Have you ever heard of thunderstorm asthma?

Friday 18th May 2012

  • Discover why the advice to stay out of a storm might not just be stating the obvious
  • Sunshine could be the best way to prevent cancer – latest research revelation

On Sunday I hope to explain why I have been cooped up in my study most of the week, and not in the best of humours.

But today I thought I might take a look at a couple of stories concerning the weather, and the increasing incidence of asthma this spring.

As I looked out at yet another rain-soaked afternoon last Tuesday I was desperately trying to put a positive spin on life.

A bedraggled Blackbird looked up from the sodden grass and seemed to imply that there wasn’t much to be optimistic about though.

However, being the happy go lucky chap I am (no really!) I did start to think that this may all be good news for hay fever and asthma sufferers.

Earlier on in the year we began to see early releases of pollen, and in big volumes, but surely all this wet stuff has to help.

If the heavens are continually washing the air we should see a benefit surely.

But no, Mother Nature is never so kind.

The wettest April since records began has just encouraged the fungi to get their pants off and party.

Dr Sankaran, a respiratory specialist and lecturer from Norwich was quoted in several articles describing a phenomenon called Thunderstorm Asthma, stating that the unusually moist conditions have led to a massive increase in patients presenting in his clinics at the Norfolk & Norwich Hospital with respiratory problems.

These fungal organisms basically love the wet, and their spores are splashed up from the soil as the heavy rain drums down.

With May continuing the trend for soaking the country, it looks like the fungi funtime is going to continue for some time yet.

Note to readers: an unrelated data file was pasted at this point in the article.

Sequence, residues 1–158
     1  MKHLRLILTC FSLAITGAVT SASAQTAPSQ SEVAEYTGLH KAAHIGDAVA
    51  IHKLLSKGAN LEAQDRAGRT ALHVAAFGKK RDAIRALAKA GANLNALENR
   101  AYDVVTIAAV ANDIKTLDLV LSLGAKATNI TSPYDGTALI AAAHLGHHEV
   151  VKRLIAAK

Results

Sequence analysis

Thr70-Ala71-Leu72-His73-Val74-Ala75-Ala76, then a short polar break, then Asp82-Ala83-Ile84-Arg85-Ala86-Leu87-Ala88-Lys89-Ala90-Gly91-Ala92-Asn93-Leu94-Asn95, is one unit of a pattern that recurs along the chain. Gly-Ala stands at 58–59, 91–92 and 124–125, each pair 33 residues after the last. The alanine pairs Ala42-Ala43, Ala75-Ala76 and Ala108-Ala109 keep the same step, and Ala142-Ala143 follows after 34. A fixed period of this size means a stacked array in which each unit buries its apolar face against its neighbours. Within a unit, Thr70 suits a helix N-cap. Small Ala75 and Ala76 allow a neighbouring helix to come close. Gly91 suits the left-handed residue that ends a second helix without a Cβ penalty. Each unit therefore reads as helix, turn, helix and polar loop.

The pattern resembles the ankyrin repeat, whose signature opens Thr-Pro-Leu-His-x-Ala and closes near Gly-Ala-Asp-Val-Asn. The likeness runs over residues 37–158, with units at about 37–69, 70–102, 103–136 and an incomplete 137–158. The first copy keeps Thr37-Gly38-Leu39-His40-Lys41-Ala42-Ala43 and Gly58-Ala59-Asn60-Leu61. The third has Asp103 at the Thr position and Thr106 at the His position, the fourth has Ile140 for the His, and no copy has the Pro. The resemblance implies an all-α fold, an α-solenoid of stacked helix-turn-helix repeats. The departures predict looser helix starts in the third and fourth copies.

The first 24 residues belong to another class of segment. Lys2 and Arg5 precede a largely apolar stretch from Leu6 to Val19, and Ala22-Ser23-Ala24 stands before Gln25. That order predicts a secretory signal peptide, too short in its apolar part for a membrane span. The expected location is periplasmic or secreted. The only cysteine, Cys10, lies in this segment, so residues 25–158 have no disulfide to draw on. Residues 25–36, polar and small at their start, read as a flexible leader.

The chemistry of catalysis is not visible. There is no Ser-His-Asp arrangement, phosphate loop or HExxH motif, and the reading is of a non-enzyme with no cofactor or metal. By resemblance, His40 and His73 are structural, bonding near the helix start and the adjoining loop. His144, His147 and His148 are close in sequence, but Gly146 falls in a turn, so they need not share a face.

The good doctor said fungi allergens were “a very under-recognised cause of asthma”.

Pass me the Salt Pipe.

There are no easy ways to avoid this irritating cloud of spores, and one in particular called Alternaria is known to be a common allergen linked to Hay Fever and Asthma.

The advice from the good doctor was to stay indoors during thunderstorms and to keep windows and doors closed... erm how many of us would do anything else?

Apart from being caught out in a snap shower, many rational folk would not be venturing out in the teeth of a storm for the hell of it.

So, if you have been suffering an unusually aggressive bout of rhinitis, Hay Fever or breathing problems, don’t look accusingly at the fields of yellow peril which is usually considered to be at fault – the culprit is more likely to be down in the dirt.

Of course if we ever do get a return to sunshine the oilseed rape, meadow grasses and lime trees will be waiting to grab us. And here was I hoping to be optimistic!

Get your shirt off when you can – it could PREVENT cancer

At last cause for celebration, and a blow for common sense.

Yes, you did read the headline correctly, - recent research has shown that the big yellow ball in the sky improves our health.